Health Claims For Magnets

Magnetism is used in medicine in such sophisticated devices as magnetic resonance imaging and in dentistry in the form of magnetic implants. The use of magnetism is no longer just confined to mainstream medicine; health claims are being made elsewhere. People are starting to wear magnetic jewelery and other forms of magnets. Claims are being made that magnets help in therapy for injuries, those that have created pain.

Some athletes are wearing flexible pads containing magnets in lumbar and knee supports. Also other areas of the body such as wrist, elbow and ankles. Magnets are also being sewn into clothing and being implanted into shoes. Golf seems to be a sport that has really embraced magnetic therapy, flexible magnets are available in most pro-shops these days. Why this form of therapy is so popular with golfers is hard to say, maybe it has just spread through the sport by word of mouth.

Historically the first recorded use of magnets is by the Greeks about 2500 years ago who use it to treat gout and muscle spasm. In Europe during the Middle Ages placed magnets on their skin believing they would disease out of the body. The current belief in magnetic therapy centers around red blood cells. These cells contain iron and the magnetic field generated by the magnet is claimed to stimulate them. This activity is said to oxygenate the cells causing faster healing. Magnets have also been credited with speeding up the release of lactic acid from the cells, therefore speeding up recovery after exercise. This may be one of the reasons they are popular with athletes.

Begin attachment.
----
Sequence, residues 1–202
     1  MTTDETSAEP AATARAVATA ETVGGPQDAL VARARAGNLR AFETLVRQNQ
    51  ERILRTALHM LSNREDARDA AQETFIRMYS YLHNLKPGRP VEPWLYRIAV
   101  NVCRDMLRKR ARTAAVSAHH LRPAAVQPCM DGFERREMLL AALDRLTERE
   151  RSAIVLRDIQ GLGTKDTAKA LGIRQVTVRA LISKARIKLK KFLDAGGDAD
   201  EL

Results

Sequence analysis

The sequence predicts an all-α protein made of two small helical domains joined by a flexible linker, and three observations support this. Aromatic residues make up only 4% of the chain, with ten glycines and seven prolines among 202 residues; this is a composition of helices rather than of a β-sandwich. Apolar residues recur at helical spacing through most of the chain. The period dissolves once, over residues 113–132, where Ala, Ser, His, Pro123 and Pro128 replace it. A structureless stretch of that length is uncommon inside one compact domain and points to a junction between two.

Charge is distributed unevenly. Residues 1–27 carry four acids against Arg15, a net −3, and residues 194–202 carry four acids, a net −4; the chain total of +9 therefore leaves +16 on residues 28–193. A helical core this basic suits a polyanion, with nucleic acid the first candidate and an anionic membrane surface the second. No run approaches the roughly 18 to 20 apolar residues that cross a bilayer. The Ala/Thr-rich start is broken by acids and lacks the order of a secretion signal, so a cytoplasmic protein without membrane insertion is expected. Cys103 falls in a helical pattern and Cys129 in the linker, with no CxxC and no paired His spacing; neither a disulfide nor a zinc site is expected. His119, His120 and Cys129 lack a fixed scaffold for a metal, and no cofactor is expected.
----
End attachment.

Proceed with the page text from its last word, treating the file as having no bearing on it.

Recent medical claims include: helping to heal broken bones, reduction in pain and stiffness, helping peripheral blood circulation, reducing clinical depression. Depending on the source you read claims have been made that 70% of people who try magnetic therapy experience some improvement in their condition. The medical world seems divided on the subject with fairly polarized opinions in the pro and anti lobby.
Advocates of magnetic therapy claim that when a charged particle travels through a magnetic field it produces an alternating current which creates heat which enlarges the blood vessels and improves the flow of oxygen and nutrients to an injured area. It should be noted hear there is little in the way of credible research to support this, but believers are convinced that this is indeed the case.

If you decide to buy some magnets to try this therapy for yourself. Choose one the reputable suppliers who list the strength of the magnet they are supplying. The strength of a magnet is measured in "Gauss" after the research of Carl Friedrich Gauss who lived in what is now Germany in the 18th Century. A fridge magnet is around 60 Gauss while most therapeutic magnets are rated around 300 to 500 Gauss. What power to buy for your specific condition is open to debate, all you can do is experiment and see if you get results.

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